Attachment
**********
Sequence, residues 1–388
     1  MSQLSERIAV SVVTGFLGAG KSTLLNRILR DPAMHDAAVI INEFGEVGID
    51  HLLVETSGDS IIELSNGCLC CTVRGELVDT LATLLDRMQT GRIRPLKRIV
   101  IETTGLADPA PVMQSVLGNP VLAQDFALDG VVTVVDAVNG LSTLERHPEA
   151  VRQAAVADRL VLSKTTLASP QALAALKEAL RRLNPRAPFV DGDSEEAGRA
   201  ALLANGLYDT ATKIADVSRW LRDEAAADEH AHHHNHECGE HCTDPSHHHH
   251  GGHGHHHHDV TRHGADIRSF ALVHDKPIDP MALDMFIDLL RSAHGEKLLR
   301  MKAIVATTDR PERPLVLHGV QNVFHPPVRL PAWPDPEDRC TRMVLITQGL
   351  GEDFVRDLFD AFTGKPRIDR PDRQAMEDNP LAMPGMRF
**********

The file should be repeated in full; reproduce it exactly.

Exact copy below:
Sequence, residues 1–388
     1  MSQLSERIAV SVVTGFLGAG KSTLLNRILR DPAMHDAAVI INEFGEVGID
    51  HLLVETSGDS IIELSNGCLC CTVRGELVDT LATLLDRMQT GRIRPLKRIV
   101  IETTGLADPA PVMQSVLGNP VLAQDFALDG VVTVVDAVNG LSTLERHPEA
   151  VRQAAVADRL VLSKTTLASP QALAALKEAL RRLNPRAPFV DGDSEEAGRA
   201  ALLANGLYDT ATKIADVSRW LRDEAAADEH AHHHNHECGE HCTDPSHHHH
   251  GGHGHHHHDV TRHGADIRSF ALVHDKPIDP MALDMFIDLL RSAHGEKLLR
   301  MKAIVATTDR PERPLVLHGV QNVFHPPVRL PAWPDPEDRC TRMVLITQGL
   351  GEDFVRDLFD AFTGKPRIDR PDRQAMEDNP LAMPGMRF